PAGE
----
In the second part of the session, activists from different states were talking about how the UAPA has been used across the country in curtailing basic rights. The conversation started with Mr. Madhav talking about the situation in Telangana. He explained the modus operandi of the law enforcement agencies. “First the police catch a few people, then concoct false accusations against them such as they were in association with banned organisations such as the CPI (Maoist). Since these organisations are banned, any individual in association with them is also termed a criminal or an anti-national and charged under the UAPA,” he said. “The agencies have also planted fake evidence such as literature, guns, and CD’s to bolster the charges against the accused,” he alleged. In this manner, the police instil fear in the tribal communities, living near forests where Naxalites operate, to disincentivise them from helping Naxalites. Further, charge sheets are also almost never filed against these individuals which helps the agencies to keep the individuals in prison for as long as they want.
After Mr Madhav, Mr Kranti from Andhra Pradesh took over to explain the situation in Andhra. Mr Kranti started with explaining how the state wantonly files cases against citizens. Later he brought up an interesting case in which 64 people from all around Andhra were accused based on a statement made by one single individual. To prove the ludicrous nature of this accusation, Mr Kranti pointed out that one of the accused had been in jail for the last six years.
Ravi Narla, a victim of the UAPA gave testimony of how the law was unfairly used against him. He faced 12 cases under the UAPA from 2009-16. After his release, in 2018 he started fighting against Hindutva supremacists. In 2019 his house was raided. On that day, he was going to hold a press conference on the Babri Masjid verdict. He was later arrested, however, the accusations had nothing to do with the press conference, it was some fictitious accusation. In fact, while the police were taking Ravi from the jail to the court, a senior police officer asked a junior, why Mr Narla was being taken, the junior said, sir mujhe kya pata, upar se order aya hei (I do not know why, there are orders from above).
In Delhi the UAPA was wrongfully used to criminalise a constitutionally protected right, the right to protest. Peaceful anti-CAA (2019) protests were being conflated to terrorist activities through a misuse of the law. For example, FIR 59 connected anti-CAA (2019) protests to the North-East Delhi riots. In fact, the FIR did not make any real charge, it only made political accusations. Moreover, this FIR unlike other FIR’s does not even mention the offending statement verbatim. Only a vague mention was present.
The Delhi presentation was in two parts, relating to the conspiracy case of the Delhi violence which followed the anti CAA, NRC, NPR protests and the ongoing farmers protest, around Delhi of several lakh farmers. It was clear that the UAPA was being used in both cases, as the Union of India had decided to criminalise protests. Which took away the core freedom principle of the Indian Constitution, relating to freedom of speech and expression of the common people. Speaking in the Consultation, Advocate Shahrukh Alam, compared various judgements on the right to protest, including the judgement on the Shaheen Bagh road block, with the American jurisprudence on protest, which was crystal clear, that a road block due to protest, is equivalent to a traffic block and the crime was no greater than that. It was not criminalised, like in the context of the Delhi cases where it was branded as a terror act.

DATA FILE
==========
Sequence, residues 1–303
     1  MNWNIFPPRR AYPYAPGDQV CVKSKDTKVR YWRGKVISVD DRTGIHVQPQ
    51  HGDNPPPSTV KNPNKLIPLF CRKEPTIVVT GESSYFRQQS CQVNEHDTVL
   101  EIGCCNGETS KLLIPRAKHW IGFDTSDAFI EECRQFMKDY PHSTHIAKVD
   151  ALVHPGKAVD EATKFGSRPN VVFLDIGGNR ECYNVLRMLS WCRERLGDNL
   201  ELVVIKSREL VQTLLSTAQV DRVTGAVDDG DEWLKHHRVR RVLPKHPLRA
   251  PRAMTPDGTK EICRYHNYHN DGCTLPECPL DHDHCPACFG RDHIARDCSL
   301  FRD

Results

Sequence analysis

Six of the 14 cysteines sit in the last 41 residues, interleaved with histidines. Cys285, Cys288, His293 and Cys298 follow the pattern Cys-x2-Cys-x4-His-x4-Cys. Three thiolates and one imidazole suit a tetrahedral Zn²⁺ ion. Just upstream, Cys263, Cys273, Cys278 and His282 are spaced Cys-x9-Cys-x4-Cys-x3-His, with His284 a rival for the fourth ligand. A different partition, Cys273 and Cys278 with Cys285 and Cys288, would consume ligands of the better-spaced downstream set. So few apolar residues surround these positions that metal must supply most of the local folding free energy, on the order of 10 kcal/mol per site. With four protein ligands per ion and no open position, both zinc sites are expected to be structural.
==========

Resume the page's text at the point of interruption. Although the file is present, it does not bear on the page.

Nadeem Khan of the United Against Hate (UAH), talked of the profiles of the 23 arrested under UAPA, all except two, under the age of 35. More than 400 people had been summoned by the Special Cell of the Delhi police trying to basically fix confessions under threat of them being thrown into the person indefinitely in Jail or by creating a culture of fear, that comrades who struggled together had even stopped talking to each other. Lawyers also had played a big role in silencing any public challenge to the culture of fear. And most of those interrogated, would not speak out.
Speaking about the notices received by the farmers struggle, Advocate Guneet Kaur said that the NIA has sent at least a 100 notices to people who are mostly supporters, doing sewa (service) or leaders of the protest, relating to FIR 40/2020, December 15th NIA police station. The nature of the interrogation consisted of people being called to Delhi and being asked to submit their bank account details. This seems like a massive intelligence exercise. The FIR no-where mentions the Sanyukta Kisan Morcha. Nowhere the word kisan/farmer is mentioned. It is as vague as this, that there is threat from banned organisation like Sikhs for Justice, Babar Khalsa are sending money from abroad to individual people to promote terrorism etc, she said.
They mentioned that farmers protests are being coordinated by multiple organisers in terms of providing food, money, and shelter to be at the Singhu border. Therefore, now the National Integrating Agency (NIA) is targeting these organisers and is foisting false accusations against them. Most organisers are being charged for associating with Khalistan sympathisers, however the government is not submitting any evidence to back this claim. It’s all mere conjecture and speculation. Khalsa Aid, an organisation which has set up langar for Rohingya refugees in Myanmar and Bangladesh and has helped many in Syria and Iraq is being called anti national today because it is setting up langar for farmers who are asking the government to help them access their fundamental rights. Punjabi journalists such as Jasbeer Singh who are covering the protests, bringing the voices of Indian farmers to the rest of India– unlike that of the mainstream media which calls the protest anti-national union– are also being charged by the NIA.
Finally, Mr. Suresh from PUCL concluded the session with a general remark on the UAPA and also made a declaration of the initiatives being taken up by PUCL in the near future to fight against these laws. They are planning to release comic strips, memes and partner with stand-up comedians such as Kunal Kamra to widen their reach.